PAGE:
India’s aluminium industry which is already been hit by the COVID-19 pandemic is likely to get some relief. The ministry of finance’s decision to jointly auction 500 mining blocks for captive mining, including exploration of bauxite and coal and could increase the cost competitiveness for primary aluminium producers in the country. 

Davis Index had earlier reported about aluminium taking the worse hit with prices on LME hitting 2016 lows of $1,455/mt levels. The sharp slide had led to smelters incurring losses. 

Captive mining of coal as announced by the ministry of finance could reduce the costs incurred for electricity generation, aiding primary producers. The ministry also looks to do away with the distinction between captive and non-captive and allow mining lease transfers and sale of surplus unused minerals.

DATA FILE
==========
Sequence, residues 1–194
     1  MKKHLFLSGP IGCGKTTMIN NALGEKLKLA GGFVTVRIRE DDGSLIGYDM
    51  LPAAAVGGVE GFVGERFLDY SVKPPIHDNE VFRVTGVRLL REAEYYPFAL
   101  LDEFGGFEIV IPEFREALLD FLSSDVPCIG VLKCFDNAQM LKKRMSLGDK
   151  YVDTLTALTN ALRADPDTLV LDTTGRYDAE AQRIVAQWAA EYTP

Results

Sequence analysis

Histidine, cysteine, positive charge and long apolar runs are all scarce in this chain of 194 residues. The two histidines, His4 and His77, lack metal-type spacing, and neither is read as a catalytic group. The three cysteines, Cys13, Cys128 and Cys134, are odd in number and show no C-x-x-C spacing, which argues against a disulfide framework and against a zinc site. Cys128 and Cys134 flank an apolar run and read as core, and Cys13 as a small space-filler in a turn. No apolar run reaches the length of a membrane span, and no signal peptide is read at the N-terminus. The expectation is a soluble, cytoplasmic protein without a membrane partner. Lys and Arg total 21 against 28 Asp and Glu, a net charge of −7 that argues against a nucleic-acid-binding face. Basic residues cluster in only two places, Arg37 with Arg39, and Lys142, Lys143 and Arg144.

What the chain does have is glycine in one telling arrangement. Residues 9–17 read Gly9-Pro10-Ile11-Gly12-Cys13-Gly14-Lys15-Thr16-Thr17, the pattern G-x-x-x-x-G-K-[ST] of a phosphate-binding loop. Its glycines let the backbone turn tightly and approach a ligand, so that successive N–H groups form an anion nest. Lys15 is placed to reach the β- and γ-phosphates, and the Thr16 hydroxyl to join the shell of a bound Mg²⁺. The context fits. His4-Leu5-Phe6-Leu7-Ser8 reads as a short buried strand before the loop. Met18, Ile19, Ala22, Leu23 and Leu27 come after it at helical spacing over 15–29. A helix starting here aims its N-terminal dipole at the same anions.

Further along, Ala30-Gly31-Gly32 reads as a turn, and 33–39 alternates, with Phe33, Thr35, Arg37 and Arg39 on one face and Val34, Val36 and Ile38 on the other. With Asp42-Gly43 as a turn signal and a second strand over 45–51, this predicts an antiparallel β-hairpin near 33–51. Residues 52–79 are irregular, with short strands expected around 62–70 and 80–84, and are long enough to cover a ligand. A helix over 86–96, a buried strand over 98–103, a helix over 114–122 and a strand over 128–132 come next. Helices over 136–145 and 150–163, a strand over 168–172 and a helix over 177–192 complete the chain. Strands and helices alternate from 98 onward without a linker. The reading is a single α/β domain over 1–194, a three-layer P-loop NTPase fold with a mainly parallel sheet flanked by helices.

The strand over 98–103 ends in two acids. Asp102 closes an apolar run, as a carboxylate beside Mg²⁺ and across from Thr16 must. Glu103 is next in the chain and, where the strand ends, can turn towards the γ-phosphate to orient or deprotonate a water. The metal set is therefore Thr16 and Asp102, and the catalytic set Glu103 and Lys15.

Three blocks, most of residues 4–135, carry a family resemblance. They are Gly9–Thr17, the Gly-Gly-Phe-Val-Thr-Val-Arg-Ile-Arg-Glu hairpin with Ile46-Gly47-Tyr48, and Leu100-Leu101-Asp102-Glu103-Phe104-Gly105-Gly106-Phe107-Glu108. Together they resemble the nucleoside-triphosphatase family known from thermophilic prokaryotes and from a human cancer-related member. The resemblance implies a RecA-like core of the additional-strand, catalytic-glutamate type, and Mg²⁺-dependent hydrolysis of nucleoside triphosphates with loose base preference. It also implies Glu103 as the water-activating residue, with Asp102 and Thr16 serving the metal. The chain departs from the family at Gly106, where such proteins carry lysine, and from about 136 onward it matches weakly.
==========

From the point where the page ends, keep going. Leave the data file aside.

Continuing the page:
The Federation of Indian Mineral Industries (FIMI) had requested the government on May 14 for export duty waiver of 30pc on iron ore and 15pc on non-metallurgical bauxite. The mining body had also urged the Indian government to declare a waiver on statutory mineral payments towards royalty, District Mineral Foundation, and National Mineral Exploration Trust (NMET) till March 31, 2021.

The stimulus package announced by the Minister of finance, Nirmala Sitharaman, however, had no mention of such a waiver. The package though looks to rationalize the stamp duty paid at the time of granting of mining leases. These measures will be financed through the Indian government’s $265bn stimulus package as announced by the Prime Minister Narendra Modi. 

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